As a graphic designer I get a lot of questions from clients about printing. There are terms that are probably unfamiliar to most people like, bleeds, offsets, 4-color, 2-color, etc. What does it all mean? What do you as the client, or designer need to know to get a print job done professionally?
First off, there are two things that make for a great print job. A good design and a good printer. A combination of both will get the best results. Make sure that you see actual samples of printed materials from both the designer and the printer. Select a printer based on quality of work and experience. Most clients always want to use the cheapest printer. I like to stick with one printer that does good work and refer them to all my clients. I know the project will look good and it will reflect good on me. To any designers reading this, I’ve come to realize that a client usually associates a poor quality printed piece with the designer. Not with the printer. If you want repeat customers, create good designs and get it printed well.
Here are a few common questions I get asked.
WILL IT LOOK THE SAME ON MY SCREEN AS IT DOES PRINTED?
Probably the hardest thing for most clients to understand is that the printed piece will NOT look like it does on the monitor. Scanners, digital cameras, and computer monitors process images using three colors: Red, Green and Blue. This is often referred to as RGB. A printing press prints full color with four colors: Cyan (blue), Magenta (red), Yellow and Black. This is referred to as CMYK. Because of the different process, there will be a level of difference in the way a job looks on the screen and the way it looks when printed. There isn’t much else to explain, the colors just won’t look the same most of the time.
WHAT IS 4-COLOR CMYK, 2-COLOR ETC?
As the name implies, this is how many colors are used for printed materials. CMYK or full color printing is sometimes referred to as 4-color. This means that your project will need to be printed four times with four different inks to create the final materials. When you look at a print quote, you’ll see right away that most of the price is in the setup. Four plates need to be made, four inks need to be mixed, and the machines need to be set up and cleaned four times. Often times, to save money, a client may not wish to print with 4 colors. (I’ll talk more about pricing later.) It may be suitable for the design to use less. In my experience most clients tend to use 1 or 2 colors. The ‘colors’ I refer to when not CMYK are typically PMS or Pantone colors.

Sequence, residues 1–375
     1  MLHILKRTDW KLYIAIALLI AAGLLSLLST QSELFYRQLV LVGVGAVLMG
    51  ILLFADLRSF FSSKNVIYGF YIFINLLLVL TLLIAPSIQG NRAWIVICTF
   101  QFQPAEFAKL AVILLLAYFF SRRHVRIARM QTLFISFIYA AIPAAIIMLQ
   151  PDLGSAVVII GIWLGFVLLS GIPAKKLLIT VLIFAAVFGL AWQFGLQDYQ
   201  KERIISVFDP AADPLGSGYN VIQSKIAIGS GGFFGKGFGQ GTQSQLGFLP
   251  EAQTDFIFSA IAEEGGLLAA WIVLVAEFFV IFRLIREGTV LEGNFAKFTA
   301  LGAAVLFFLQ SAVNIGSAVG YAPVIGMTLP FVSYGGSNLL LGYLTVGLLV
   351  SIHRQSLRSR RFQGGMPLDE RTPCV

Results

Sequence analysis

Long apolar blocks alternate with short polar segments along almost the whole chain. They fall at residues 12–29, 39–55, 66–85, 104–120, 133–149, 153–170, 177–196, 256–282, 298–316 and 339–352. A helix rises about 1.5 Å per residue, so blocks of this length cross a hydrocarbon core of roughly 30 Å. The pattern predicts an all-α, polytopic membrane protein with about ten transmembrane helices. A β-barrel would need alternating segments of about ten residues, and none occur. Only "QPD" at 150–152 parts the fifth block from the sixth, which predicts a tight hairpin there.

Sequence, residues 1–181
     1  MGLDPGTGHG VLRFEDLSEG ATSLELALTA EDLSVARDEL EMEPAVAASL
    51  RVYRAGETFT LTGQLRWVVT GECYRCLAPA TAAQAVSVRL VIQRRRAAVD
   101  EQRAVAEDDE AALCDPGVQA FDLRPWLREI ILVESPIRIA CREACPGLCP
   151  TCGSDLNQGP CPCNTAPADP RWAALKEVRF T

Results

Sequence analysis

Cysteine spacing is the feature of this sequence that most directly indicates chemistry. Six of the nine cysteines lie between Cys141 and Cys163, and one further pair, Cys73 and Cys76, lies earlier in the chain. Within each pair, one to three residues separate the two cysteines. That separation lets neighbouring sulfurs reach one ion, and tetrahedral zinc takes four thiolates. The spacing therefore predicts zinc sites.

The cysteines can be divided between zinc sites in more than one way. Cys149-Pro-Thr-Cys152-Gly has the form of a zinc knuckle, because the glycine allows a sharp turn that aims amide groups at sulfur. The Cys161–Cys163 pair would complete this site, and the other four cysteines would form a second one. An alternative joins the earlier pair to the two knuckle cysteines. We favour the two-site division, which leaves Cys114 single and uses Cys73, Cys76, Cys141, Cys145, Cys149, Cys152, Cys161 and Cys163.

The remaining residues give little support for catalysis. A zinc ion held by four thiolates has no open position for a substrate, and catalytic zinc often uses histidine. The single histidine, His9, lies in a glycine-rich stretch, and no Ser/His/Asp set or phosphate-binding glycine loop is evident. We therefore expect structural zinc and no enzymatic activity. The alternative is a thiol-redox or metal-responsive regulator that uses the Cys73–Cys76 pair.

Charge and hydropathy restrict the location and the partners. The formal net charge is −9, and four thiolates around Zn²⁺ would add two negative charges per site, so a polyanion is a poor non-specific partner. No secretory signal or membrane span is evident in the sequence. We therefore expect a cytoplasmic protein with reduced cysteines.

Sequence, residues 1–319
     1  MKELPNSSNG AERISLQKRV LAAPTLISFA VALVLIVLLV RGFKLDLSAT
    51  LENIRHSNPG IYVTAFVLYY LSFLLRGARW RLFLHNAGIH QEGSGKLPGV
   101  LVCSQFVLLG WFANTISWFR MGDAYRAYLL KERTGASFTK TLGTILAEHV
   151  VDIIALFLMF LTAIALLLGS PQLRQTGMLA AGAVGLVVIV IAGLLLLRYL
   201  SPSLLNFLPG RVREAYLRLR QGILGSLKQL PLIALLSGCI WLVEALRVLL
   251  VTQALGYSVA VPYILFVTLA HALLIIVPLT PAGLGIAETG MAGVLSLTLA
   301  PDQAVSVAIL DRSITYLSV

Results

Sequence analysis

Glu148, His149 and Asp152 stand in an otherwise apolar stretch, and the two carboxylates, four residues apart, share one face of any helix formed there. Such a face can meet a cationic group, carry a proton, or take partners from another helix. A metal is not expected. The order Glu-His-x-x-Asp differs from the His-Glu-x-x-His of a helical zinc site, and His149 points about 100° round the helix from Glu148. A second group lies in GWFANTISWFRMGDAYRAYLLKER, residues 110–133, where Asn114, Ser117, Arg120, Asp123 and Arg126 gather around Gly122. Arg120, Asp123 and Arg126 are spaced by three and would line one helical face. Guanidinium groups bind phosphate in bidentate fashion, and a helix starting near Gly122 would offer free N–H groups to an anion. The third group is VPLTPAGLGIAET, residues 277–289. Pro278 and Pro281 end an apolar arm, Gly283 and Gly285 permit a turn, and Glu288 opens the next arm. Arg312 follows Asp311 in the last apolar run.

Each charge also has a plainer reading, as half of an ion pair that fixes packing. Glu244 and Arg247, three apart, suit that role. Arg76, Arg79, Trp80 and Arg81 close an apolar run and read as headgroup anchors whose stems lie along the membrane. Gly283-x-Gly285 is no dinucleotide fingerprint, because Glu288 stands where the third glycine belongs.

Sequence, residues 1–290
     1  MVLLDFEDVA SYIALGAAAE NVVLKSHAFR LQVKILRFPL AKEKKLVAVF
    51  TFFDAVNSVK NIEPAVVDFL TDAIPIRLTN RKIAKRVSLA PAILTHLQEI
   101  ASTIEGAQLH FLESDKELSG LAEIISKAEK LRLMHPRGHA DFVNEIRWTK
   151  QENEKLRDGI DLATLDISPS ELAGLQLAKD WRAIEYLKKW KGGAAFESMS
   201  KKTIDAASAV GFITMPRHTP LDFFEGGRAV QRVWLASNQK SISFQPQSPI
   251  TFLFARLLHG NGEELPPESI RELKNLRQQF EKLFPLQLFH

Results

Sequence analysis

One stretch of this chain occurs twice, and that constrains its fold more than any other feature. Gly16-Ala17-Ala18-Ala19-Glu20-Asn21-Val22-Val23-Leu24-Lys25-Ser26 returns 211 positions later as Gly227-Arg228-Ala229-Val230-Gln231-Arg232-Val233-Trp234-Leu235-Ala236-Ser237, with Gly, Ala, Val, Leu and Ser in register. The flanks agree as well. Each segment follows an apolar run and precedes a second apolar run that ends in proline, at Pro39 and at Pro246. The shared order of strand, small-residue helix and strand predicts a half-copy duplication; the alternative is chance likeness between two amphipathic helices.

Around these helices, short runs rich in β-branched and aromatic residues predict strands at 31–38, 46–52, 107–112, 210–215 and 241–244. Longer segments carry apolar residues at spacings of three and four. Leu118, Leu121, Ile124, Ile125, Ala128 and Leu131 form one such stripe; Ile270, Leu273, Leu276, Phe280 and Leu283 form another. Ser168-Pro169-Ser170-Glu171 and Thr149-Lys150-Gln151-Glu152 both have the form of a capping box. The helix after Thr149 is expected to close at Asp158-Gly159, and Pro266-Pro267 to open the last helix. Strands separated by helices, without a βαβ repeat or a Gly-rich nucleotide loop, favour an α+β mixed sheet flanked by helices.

WHAT ARE PANTONE COLORS?
These are standard colors that all printers can create. Paint samples at the local hardware or paint store would be an accurate comparison. I keep a Pantone color chart on hand at all times and so do most printers. A benefit to selecting the color in this manner is that it should be ‘what you see is what you get’ since you are seeing an actual printed sample of the color. Note: Paper can dramatically affect a color. Paper color and paper weight can affect how the ink looks. Keep in mind also that the chart shows the ink on both glossy and matte paper. The same color may look different so make sure you know the paper stock when choosing the color.
You can find more info on Pantone colors at their website by clicking here.